by Vesa Annala
Sweden, perhaps, is known as the most secular country in the world. According to one study covering 1986 to 2011, the average Swede attended a worship service or religious meeting seven times a year.1 These visits include funerals, weddings, baptismal services, and Christian holidays, for example. Another study showed that 23 percent of Swedes believed in God, 19 percent say they do not believe in God, while 53 percent believe in some kind of spirit or life force.2 All in all, Swedes take first place in admitting that they are atheists, agnostics, or nonbelievers. Next come people from Vietnam, Denmark, and Norway.3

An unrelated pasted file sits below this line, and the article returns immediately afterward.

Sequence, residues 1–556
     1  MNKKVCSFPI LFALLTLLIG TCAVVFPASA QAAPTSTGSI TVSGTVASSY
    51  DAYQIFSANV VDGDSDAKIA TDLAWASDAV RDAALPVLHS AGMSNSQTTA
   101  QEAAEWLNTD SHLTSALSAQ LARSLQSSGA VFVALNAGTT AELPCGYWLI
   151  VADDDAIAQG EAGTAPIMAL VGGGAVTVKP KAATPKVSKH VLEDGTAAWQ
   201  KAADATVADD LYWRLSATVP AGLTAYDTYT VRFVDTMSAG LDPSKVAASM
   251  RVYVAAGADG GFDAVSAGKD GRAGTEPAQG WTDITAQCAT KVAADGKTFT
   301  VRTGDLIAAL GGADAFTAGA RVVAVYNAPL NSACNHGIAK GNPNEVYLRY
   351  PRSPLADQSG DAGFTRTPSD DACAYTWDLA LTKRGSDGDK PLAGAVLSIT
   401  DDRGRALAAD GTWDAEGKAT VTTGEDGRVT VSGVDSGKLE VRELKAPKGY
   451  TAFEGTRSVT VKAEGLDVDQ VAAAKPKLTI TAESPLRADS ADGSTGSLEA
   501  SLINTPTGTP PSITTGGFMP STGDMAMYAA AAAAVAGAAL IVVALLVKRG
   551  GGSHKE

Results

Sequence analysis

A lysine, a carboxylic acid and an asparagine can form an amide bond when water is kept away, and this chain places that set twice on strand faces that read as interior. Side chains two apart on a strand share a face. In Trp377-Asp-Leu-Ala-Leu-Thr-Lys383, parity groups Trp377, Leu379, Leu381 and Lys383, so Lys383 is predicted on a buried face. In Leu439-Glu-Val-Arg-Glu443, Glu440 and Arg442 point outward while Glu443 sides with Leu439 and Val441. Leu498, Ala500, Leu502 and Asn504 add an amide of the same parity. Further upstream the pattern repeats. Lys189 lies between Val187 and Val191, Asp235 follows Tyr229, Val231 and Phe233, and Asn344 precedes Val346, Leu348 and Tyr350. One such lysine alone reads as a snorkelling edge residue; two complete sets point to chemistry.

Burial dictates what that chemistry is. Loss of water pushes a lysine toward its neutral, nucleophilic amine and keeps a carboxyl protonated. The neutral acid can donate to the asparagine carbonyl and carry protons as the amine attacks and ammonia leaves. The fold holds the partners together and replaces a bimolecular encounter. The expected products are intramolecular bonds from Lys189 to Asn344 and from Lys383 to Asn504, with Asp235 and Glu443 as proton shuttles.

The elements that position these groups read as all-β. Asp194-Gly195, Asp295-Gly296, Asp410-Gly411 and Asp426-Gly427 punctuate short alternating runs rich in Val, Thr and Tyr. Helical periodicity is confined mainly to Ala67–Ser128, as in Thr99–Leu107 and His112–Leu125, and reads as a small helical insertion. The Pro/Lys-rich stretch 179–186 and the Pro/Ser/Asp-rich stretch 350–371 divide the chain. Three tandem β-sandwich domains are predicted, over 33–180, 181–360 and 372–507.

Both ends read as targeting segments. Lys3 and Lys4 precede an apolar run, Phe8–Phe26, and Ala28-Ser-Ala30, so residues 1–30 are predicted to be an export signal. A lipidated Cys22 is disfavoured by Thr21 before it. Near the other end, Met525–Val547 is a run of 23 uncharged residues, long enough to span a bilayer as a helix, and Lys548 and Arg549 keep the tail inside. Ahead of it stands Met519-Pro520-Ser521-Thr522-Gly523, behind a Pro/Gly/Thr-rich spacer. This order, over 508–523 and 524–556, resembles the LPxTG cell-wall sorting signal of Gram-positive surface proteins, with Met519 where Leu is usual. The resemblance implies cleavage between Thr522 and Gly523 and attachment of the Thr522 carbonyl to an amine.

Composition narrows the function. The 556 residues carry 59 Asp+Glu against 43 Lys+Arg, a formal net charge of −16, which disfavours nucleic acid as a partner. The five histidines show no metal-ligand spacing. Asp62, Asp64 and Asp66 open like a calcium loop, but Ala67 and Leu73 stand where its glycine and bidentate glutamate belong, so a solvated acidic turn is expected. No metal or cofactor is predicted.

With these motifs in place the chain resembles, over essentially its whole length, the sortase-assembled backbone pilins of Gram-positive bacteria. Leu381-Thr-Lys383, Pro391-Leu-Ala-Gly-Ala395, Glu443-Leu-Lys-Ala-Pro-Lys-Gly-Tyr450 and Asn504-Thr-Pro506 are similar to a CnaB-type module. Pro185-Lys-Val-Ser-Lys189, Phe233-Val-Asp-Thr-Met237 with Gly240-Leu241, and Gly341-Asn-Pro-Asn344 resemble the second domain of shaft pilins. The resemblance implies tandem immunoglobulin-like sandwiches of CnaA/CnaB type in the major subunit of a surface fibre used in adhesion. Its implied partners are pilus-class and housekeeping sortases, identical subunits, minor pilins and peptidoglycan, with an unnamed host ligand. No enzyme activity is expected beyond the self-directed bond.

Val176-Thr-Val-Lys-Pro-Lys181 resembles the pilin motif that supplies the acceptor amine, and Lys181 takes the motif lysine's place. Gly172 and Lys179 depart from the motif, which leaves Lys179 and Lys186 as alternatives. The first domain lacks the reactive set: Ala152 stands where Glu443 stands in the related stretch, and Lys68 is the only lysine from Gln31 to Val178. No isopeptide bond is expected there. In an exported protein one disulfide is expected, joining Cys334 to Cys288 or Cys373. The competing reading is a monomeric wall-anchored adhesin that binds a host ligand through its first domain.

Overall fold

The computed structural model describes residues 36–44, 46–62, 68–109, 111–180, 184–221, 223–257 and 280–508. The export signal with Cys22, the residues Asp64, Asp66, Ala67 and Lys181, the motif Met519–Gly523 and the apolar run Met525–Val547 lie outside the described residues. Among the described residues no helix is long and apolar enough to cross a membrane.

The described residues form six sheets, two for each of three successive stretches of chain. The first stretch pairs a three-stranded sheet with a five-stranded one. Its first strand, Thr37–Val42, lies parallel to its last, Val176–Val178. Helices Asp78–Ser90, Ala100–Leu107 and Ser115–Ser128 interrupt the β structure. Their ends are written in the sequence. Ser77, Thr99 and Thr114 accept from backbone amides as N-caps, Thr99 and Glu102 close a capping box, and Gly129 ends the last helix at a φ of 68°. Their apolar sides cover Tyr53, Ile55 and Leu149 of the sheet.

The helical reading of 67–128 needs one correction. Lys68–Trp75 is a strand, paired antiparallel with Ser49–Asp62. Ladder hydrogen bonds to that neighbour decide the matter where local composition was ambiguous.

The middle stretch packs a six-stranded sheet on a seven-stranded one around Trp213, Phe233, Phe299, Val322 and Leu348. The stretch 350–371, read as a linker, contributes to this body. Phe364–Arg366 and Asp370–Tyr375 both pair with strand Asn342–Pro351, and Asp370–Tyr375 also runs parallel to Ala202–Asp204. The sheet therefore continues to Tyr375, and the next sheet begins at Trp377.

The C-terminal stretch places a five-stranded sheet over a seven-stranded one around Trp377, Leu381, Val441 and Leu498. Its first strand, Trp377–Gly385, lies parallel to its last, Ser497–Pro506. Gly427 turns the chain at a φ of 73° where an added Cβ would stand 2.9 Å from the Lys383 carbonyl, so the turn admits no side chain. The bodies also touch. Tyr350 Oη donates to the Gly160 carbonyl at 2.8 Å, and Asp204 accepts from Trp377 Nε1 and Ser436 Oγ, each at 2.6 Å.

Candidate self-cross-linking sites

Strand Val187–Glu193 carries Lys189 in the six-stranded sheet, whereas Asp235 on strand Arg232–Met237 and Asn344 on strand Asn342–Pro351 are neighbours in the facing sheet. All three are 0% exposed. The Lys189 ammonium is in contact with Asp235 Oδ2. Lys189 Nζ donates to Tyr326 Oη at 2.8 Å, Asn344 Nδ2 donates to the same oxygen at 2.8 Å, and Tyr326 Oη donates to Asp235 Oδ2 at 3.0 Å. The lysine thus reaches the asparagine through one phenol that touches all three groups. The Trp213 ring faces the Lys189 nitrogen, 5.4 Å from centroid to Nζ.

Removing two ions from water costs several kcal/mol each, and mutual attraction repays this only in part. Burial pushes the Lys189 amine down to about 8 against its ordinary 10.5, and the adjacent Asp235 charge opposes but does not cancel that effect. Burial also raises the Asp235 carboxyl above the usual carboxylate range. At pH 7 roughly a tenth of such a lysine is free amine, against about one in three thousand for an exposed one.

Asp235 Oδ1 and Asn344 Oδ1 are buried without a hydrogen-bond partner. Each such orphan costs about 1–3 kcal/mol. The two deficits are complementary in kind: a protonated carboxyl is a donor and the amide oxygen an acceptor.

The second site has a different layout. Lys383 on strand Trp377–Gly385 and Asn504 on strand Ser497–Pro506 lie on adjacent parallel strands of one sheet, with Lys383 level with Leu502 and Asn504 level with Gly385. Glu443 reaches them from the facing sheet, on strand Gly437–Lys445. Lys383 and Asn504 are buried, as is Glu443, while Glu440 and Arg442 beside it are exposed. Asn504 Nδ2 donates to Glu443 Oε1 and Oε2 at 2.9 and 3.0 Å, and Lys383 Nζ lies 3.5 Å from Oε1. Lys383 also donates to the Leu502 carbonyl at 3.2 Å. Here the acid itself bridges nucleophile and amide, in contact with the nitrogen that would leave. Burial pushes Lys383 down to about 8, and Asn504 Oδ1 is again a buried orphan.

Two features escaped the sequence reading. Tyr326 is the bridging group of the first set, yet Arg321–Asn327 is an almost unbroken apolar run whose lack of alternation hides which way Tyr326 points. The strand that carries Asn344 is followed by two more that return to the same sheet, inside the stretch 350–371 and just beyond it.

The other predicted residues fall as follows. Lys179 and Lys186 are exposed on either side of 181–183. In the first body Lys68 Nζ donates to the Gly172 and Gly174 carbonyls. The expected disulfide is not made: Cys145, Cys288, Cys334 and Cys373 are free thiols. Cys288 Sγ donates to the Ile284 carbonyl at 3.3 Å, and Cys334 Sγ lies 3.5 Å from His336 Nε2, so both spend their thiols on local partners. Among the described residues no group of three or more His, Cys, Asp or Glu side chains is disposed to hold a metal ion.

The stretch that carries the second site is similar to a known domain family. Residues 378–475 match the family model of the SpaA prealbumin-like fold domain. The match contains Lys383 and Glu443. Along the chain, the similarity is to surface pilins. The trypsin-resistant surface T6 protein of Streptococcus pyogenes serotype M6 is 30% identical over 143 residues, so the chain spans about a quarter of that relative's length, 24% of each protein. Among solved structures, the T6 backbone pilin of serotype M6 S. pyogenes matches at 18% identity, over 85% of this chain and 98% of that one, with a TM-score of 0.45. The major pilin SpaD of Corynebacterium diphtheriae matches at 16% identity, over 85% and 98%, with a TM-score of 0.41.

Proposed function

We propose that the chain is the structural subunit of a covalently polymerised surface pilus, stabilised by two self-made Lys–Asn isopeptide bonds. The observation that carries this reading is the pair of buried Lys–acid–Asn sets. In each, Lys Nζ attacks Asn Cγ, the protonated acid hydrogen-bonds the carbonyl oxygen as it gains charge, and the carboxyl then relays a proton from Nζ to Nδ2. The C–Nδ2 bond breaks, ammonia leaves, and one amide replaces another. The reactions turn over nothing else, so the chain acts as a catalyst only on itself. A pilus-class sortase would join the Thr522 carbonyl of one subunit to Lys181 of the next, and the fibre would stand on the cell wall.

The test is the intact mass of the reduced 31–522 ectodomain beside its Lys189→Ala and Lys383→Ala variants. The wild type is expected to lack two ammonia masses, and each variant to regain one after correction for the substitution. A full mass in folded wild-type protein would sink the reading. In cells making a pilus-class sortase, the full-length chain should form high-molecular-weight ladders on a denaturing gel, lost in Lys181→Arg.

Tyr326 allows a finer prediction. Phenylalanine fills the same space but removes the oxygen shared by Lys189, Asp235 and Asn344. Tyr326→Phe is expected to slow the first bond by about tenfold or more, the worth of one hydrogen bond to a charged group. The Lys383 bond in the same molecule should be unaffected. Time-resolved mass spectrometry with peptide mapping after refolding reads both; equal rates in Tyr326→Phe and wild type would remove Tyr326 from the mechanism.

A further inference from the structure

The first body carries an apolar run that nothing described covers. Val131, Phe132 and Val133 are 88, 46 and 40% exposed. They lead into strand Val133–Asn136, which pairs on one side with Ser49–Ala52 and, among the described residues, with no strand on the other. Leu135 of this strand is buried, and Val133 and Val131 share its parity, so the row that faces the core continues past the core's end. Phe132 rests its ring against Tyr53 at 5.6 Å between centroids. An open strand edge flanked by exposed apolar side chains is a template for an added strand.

Often described as “postmodern,” the secular individual is known as an individual who has a strong, individualist outlook on life. Characterized by gadgetry, the postmodern has and would like even more gadgets. Often people say that the postmodern individual no longer believes in the “big stories” we find in the various religious books (including the Bible). This mentality has led many to throw the major Bible stories into the “historian’s hotchpotch,” as the former archbishop of Sweden, K. G. Hammar, is credited to have once expressed.